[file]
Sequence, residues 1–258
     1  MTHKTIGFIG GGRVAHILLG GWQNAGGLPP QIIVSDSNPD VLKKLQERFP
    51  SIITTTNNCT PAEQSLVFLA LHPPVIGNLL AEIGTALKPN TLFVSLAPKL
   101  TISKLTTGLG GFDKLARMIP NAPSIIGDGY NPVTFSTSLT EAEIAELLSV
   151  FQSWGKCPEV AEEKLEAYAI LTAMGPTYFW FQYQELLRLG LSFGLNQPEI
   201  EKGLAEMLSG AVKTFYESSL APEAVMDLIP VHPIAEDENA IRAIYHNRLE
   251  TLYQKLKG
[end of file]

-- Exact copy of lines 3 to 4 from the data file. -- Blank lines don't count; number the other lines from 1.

    51  SIITTTNNCT PAEQSLVFLA LHPPVIGNLL AEIGTALKPN TLFVSLAPKL
   101  TISKLTTGLG GFDKLARMIP NAPSIIGDGY NPVTFSTSLT EAEIAELLSV